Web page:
Table of Contents

Governance of Intellectual Property Rights in China and Europe

Governance of Intellectual Property Rights in China and Europe

Elgar Intellectual Property and Global Development series

Edited by Nari Lee, Niklas Bruun and Mingde Li

Intellectual property law performs a number of complex functions in society. To foster innovation and creativity in a society, governments are actively using intellectual property law as a means of governance. Both in China and in Europe, intellectual property law is used to further innovation and cultural policies to increase national competitiveness in a global economy. Due to its impact on global trade, intellectual property laws are increasingly made and influenced by international norms. Against the backdrop of this dynamic global intellectual property norm competition and interaction, this book explores governance of intellectual property rights in China and Europe. This book examines and compares the series of intellectual property law and system reforms in China and Europe. Through the analysis, this book argues that a successful governance of intellectual property rights require not only the adoption of a set of norms but also transformation of the perspectives and the implementing institutions.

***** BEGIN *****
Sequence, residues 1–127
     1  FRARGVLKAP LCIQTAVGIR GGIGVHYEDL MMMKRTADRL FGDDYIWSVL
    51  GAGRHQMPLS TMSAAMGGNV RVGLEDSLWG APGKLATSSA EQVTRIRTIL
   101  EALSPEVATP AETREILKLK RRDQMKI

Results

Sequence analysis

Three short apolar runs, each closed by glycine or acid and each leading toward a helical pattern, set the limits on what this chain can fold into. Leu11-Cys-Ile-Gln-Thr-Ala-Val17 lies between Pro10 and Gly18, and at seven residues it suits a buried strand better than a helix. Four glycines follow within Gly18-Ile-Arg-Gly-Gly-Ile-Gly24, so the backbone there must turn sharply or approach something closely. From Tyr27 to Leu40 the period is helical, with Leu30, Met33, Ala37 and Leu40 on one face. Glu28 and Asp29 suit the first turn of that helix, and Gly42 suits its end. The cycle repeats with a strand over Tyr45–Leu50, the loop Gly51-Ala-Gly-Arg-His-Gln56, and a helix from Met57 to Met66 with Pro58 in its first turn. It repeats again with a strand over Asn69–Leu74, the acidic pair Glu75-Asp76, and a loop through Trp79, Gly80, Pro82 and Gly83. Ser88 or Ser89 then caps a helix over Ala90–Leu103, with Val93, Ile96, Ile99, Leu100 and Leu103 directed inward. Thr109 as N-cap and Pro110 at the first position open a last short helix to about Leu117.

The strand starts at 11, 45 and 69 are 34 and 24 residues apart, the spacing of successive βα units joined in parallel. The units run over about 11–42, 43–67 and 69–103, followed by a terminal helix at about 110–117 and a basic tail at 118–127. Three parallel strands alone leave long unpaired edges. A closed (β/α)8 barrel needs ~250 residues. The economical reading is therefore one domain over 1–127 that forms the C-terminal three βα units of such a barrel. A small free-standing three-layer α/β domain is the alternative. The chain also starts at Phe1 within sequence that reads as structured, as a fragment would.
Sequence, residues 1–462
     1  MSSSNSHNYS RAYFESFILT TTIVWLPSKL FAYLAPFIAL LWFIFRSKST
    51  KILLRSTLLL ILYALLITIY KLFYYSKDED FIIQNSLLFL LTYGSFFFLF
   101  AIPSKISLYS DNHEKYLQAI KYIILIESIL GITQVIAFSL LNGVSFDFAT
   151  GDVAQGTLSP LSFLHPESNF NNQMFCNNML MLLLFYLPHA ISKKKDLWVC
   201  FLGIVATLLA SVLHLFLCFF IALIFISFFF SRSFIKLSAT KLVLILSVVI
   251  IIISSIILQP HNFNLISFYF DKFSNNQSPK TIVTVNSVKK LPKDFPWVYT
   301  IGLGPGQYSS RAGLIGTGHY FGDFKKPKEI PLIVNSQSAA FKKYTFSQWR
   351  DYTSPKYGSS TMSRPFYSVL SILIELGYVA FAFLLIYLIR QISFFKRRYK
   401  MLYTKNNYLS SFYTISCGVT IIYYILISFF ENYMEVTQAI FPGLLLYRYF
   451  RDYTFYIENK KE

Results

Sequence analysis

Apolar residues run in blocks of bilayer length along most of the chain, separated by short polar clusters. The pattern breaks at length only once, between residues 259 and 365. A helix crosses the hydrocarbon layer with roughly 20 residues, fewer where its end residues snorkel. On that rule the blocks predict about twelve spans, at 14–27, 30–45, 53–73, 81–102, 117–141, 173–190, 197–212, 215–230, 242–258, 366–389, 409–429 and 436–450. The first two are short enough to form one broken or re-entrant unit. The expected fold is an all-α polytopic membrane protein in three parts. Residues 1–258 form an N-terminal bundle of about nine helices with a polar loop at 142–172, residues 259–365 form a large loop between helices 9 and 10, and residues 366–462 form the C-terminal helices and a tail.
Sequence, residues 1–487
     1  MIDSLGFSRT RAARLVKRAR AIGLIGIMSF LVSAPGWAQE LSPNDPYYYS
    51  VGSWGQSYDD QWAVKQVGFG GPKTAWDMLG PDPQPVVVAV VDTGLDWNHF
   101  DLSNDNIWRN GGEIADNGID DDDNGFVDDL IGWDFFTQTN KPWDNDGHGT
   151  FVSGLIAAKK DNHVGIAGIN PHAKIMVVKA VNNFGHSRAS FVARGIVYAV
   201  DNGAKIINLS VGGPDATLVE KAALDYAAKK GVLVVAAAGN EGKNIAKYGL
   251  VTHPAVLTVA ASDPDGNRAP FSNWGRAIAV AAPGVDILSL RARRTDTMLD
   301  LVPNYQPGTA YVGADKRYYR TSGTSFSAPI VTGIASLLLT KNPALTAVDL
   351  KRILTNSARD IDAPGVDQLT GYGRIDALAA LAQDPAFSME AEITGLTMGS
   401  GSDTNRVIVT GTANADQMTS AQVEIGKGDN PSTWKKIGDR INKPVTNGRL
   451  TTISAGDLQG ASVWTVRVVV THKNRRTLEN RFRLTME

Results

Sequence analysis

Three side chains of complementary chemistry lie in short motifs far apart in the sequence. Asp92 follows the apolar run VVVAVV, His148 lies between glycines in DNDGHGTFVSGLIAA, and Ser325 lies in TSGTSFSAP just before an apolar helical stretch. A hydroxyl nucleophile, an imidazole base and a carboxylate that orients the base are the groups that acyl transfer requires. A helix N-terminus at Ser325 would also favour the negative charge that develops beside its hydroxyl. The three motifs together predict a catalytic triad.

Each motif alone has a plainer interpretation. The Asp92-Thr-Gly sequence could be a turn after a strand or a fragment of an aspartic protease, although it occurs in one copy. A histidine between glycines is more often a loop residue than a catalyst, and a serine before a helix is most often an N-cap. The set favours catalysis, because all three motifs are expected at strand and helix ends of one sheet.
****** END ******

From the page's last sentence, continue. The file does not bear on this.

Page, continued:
Chapter 7: Art law and resale rights in Europe and China

Lin Zhou and Rosa Maria Ballardini

Subjects: law - academic, asian law, intellectual property law


China is generally considered to be a norm-taker, rather than a norm-maker, especially when it comes to intellectual property law. This article considers the resale right as an example and analyses the impact of the importation of norms in China by providing a view from a Chinese perspective, which is based on a comparative study of the enforcement of the resale right in Europe. Intellectual property (IP), as a mechanism to protect creators and innovators, is a cost that society needs to bear in order to enhance certain activities and encourage more innovation and creation. Chinese artists do not lack the skills and creativeness of famous art masters like Picasso, but they do lack several basic conditions, especially like a well-regulated art market and an effective legal environment that would enable them to achieve the status of a “Chinese Picasso”.

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